Marina Offshore v China Insurance (CofA)
MARINE INSURANCE: TOTAL LOSS OF VESSEL: BREACH OF WARRANTY: WHETHER WARRANTY INCLUDED THE ROUTE THE VESSEL SHOULD FOLLOW: WHETHER POLICY WAS TIME POLICY OR MIXED/HYBRID POLICY: WHETHER WARRANTY OF SEAWORTHINESS UNDER VOYAGE POLICY APPLIED, S.39(1) OF MARINE INSURANCE ACT: WHETHER SHIP SENT TO SEA UNSEAWORTHY WITH THE PRIVITY OF THE ASSURED UNDER S.39(5) OF THE ACT
The Singapore Court of Appeal overruled the judgment at first instance and found in favour of the assured shipowners, whose tug vessel had been lost in the course of a delivery voyage from Japan to Singapore. The Court held that, on the wording of the policy, there was no express warranty as to the route the vessel should take, neither could any warranty to that effect be implied in the marine policy. The Court further held that the policy was a time policy, not a voyage policy; therefore, it was not subject to the implied warranty under s.39(1) of the Singapore Marine Insurance Act, to the effect that, at the commencement of the voyage, the vessel shall be seaworthy for the purpose of the particular venture insured. Nor had the vessel been sent to sea in an unseaworthy state with the "privity of the assured", under s.39(5) of the Act. Where, as here, one proximate cause of the loss had been perils of the sea, an insured risk, the claim was recoverable under the policy.
DMC Category Rating: Confirmed
This case note has been contributed by Ang & Partners, the International Contributors to this website for Singapore
The policies contained a warranty requiring a seaworthiness/condition survey and compliance with the conditions before sailing from Kobe – "warranted satisfactory vessel seaworthiness/condition survey for her safe voyage to Singapore by appointed surveyor… and all recommendations to be complied with at owner’s expense before her sailing from Kobe to Singapore". The surveyor made six recommendations in the survey, stating that all his recommendations must be complied with, failing which his report would be void. One of these recommendations concerned the voyage route:
Although gale warnings were given by the Kobe Meteorological Department, the tug departed Kobe in the evening of 26 December 2003. She had gone only 50 miles when she sank. Marina Offshore claimed under the policies. The insurers denied liability.
The main grounds for denial were that:-
The trial judge dismissed the action against the insurers. He held that Marina Offshore was in breach of the warranty by not complying with the surveyor’s recommended route, in heading for the Pacific Ocean via Kii Suido. He also held that the insured had not proved that the loss was caused by a peril of the sea, an insured peril, as there was evidence of unseaworthiness.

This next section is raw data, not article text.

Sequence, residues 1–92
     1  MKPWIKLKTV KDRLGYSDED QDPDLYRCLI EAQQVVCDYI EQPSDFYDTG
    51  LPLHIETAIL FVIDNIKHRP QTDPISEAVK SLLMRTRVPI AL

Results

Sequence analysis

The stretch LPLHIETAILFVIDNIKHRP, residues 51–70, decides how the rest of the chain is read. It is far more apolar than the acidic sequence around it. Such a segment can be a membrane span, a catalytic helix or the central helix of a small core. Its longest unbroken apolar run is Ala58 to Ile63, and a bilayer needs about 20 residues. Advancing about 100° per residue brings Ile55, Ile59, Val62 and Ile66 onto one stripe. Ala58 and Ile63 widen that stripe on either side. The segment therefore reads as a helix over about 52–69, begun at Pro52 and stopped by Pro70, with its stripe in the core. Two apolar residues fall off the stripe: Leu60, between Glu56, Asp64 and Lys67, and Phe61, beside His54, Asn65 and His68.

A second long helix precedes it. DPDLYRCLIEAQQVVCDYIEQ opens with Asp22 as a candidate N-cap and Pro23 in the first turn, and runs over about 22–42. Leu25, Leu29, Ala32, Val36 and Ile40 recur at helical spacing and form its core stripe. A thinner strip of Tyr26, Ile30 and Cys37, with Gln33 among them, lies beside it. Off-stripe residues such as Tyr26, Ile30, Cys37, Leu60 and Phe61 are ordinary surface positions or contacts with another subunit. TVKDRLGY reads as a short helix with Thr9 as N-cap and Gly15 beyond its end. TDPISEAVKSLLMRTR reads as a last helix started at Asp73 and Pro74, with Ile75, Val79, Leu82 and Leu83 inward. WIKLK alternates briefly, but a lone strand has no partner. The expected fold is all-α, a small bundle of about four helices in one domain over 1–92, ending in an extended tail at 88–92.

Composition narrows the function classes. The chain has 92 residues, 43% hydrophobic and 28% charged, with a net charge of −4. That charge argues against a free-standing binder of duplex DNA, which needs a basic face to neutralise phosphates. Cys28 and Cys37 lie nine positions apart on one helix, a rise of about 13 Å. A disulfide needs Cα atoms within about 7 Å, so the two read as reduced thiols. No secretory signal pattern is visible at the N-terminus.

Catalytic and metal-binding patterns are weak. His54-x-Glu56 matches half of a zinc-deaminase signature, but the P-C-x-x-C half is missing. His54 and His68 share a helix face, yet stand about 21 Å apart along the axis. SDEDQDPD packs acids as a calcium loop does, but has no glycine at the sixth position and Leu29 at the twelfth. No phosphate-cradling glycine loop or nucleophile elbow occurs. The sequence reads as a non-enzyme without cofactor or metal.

The judge also considered the nature of the insurance policies issued, in order to determine whether the implied warranty under s.39(1) of the Marine Insurance Act (the "Act") (namely, that the vessel was seaworthy at the commencement of the voyage) applied to this case. Marina had submitted that this warranty was irrelevant, because the policies were time policies and, under the Act, the warranty applied only to voyage policies. The insurers claimed, however, that the policies were mixed policies, namely that they covered the risks of both a voyage policy, which related to the voyage from Kobe to Singapore, and a time policy that covered the vessel when she began trading activities after reaching Singapore. The judge held that the policies were mixed policies and therefore that the warranty of seaworthiness had been implied under s.39(1) of the Act for the voyage from Kobe to Singapore. As the vessel was clearly unseaworthy when she left Kobe, the insurers were entitled to avoid liability.
The judge also considered what the position would have been under s.39(5) of the Act, the section that would have applied had the policies been found to be time policies. In that connection, the judge held that the vessel had been sent to sea in an unseaworthy state with the privity of Marina, and therefore the insurers were entitled to rely on s.39(5) to avoid liability.
On appeal by the insured, the Court of Appeal reversed the trial judge’s decision and gave judgment for the insured. Prakash J, delivering the judgment of the CA, held that:
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